Four political parties that mostly represent Israel’s Arab minority have decided to run together in elections on March 17, creating a potential counter-weight to Prime Minister Benjamin Netanyahu and his right-wing allies.
Opinion polls suggest the united Arab list could secure 11 seats in the 120-seat parliament, around the same level as they hold individually but with their political influence increased.
The joint slate, finalized on Thursday, was in part a bid for electoral survival since the government has backed legislation raising the threshold for getting into parliament, leaving two of the four parties on the brink of extinction.
The four - Raam (United Arab List), Taal (Arab Movement for Renewal), Balad (National Democratic Assembly) and Arab-Jewish party Hadash (Democratic Front for Peace and Equality) - cover a range of ideology from Islamist to secular to ex-Communist.
Despite that, Raam lawmaker Masud Ganaim said the list was united in its support for Palestinian statehood and concern about Netanyahu’s efforts to enshrine Jewish statehood in law.
“The Arab community in Israel wants us all to join forces, so we can have more influence and challenge the Netanyahu government’s racist and Judaising policies,” he told Reuters.
Pre-election polls put Netanyahu’s Likud party neck-and-neck with the center-left alliance of Labor leader Isaac Herzog and former Justice Minister Tzipi Livni. Who gets to form the next government could come down to who garners more partners.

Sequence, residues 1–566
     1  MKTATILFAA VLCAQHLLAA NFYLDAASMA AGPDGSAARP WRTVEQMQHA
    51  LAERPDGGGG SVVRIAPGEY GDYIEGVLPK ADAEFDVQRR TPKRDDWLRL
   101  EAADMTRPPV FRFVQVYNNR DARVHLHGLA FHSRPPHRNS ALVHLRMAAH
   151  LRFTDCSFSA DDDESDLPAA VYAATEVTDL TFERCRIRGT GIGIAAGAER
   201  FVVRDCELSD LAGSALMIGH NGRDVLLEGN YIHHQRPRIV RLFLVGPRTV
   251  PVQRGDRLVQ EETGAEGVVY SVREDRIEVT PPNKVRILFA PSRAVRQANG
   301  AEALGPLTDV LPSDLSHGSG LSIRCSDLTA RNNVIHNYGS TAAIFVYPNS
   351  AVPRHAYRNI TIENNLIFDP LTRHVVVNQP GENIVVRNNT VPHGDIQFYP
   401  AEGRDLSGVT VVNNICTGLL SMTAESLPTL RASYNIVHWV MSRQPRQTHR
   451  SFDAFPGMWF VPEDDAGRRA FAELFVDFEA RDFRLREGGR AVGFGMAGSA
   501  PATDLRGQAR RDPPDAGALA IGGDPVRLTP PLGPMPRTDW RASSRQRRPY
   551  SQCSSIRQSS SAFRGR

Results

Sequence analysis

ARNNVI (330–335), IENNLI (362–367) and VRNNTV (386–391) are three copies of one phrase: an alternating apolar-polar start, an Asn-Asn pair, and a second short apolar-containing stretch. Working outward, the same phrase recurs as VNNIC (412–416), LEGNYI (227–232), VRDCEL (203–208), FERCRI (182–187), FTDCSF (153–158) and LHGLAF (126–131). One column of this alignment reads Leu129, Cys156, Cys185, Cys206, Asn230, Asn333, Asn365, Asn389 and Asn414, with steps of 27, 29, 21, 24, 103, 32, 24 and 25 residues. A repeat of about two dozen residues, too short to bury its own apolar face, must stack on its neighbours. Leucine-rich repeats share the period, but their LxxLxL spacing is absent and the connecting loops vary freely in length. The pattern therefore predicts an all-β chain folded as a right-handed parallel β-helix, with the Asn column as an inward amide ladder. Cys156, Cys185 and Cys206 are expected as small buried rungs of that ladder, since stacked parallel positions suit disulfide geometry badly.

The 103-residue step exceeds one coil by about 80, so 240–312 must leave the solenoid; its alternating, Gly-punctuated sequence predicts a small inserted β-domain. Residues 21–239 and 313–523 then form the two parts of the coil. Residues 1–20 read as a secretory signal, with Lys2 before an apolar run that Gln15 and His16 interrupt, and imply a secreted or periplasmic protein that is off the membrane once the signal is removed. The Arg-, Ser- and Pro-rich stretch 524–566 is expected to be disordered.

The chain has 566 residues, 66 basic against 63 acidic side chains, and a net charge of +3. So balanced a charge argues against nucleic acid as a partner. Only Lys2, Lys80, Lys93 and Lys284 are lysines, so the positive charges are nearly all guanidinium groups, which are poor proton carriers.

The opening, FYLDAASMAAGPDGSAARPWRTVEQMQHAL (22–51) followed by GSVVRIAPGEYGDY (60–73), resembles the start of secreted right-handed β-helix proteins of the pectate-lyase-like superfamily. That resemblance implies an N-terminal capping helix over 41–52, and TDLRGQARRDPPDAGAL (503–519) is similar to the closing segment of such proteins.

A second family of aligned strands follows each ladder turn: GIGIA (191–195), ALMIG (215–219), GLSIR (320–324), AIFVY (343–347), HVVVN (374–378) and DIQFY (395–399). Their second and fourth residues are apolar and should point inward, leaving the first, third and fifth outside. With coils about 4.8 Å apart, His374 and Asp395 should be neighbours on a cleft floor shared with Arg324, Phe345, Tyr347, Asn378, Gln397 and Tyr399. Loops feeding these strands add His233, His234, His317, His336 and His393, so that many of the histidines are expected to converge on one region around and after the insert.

Ganaim said his four-party list may back Herzog and Livni.
“It is being considered,” he said. “We think the political map will shift toward the center-left, and in such a situation we will have an important role. We would tilt the balance.”
Arabs, mostly Muslim, make up 20 percent of Israel’s population. Ganaim said some 55 percent of them take part in national elections, with more than 80 percent of votes going to Arab parties while a minority back mainstream “Zionist” parties.
Balad leader Jamal Zahalka deemed the four-party list a rebuke to ultra-nationalist Israeli Foreign Minister Avigdor Lieberman, who has sought to sideline Arab politicians he deems disloyal to the state.
“Those who didn’t want Arab parties to have 10 seats in parliament will see them get 15,” Zahalka told Israel radio.
Lieberman’s Israel Beitenu (Israel is Our Home) party, hit by corruption probes and high-profile resignations, is seen taking around 6 parliamentary seats - down from its current 12.
Netanyahu could still find a potent future ally in Economy Minister Naftali Bennett’s Jewish Home party, which is predicted to win some 15 seats.